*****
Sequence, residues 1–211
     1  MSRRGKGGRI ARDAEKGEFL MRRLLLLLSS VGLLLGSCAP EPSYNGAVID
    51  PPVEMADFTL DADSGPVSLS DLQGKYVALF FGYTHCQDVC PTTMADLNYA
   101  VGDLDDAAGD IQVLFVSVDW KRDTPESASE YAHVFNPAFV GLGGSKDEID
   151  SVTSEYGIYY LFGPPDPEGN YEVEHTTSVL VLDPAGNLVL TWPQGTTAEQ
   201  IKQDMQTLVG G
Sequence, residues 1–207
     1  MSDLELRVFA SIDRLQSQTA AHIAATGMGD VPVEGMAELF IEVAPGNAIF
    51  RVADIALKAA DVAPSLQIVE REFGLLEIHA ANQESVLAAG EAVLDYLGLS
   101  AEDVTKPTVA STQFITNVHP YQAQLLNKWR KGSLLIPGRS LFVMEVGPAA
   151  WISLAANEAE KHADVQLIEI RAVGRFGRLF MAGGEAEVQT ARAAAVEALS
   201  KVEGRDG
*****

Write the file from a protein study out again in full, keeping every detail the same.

Sequence, residues 1–211
     1  MSRRGKGGRI ARDAEKGEFL MRRLLLLLSS VGLLLGSCAP EPSYNGAVID
    51  PPVEMADFTL DADSGPVSLS DLQGKYVALF FGYTHCQDVC PTTMADLNYA
   101  VGDLDDAAGD IQVLFVSVDW KRDTPESASE YAHVFNPAFV GLGGSKDEID
   151  SVTSEYGIYY LFGPPDPEGN YEVEHTTSVL VLDPAGNLVL TWPQGTTAEQ
   201  IKQDMQTLVG G
Sequence, residues 1–207
     1  MSDLELRVFA SIDRLQSQTA AHIAATGMGD VPVEGMAELF IEVAPGNAIF
    51  RVADIALKAA DVAPSLQIVE REFGLLEIHA ANQESVLAAG EAVLDYLGLS
   101  AEDVTKPTVA STQFITNVHP YQAQLLNKWR KGSLLIPGRS LFVMEVGPAA
   151  WISLAANEAE KHADVQLIEI RAVGRFGRLF MAGGEAEVQT ARAAAVEALS
   201  KVEGRDG